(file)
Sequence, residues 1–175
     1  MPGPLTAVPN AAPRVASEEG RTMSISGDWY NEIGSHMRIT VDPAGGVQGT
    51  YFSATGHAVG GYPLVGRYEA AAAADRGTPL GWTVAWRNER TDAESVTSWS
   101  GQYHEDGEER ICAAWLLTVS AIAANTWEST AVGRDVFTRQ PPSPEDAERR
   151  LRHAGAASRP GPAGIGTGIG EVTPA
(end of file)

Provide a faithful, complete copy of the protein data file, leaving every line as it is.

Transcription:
Sequence, residues 1–175
     1  MPGPLTAVPN AAPRVASEEG RTMSISGDWY NEIGSHMRIT VDPAGGVQGT
    51  YFSATGHAVG GYPLVGRYEA AAAADRGTPL GWTVAWRNER TDAESVTSWS
   101  GQYHEDGEER ICAAWLLTVS AIAANTWEST AVGRDVFTRQ PPSPEDAERR
   151  LRHAGAASRP GPAGIGTGIG EVTPA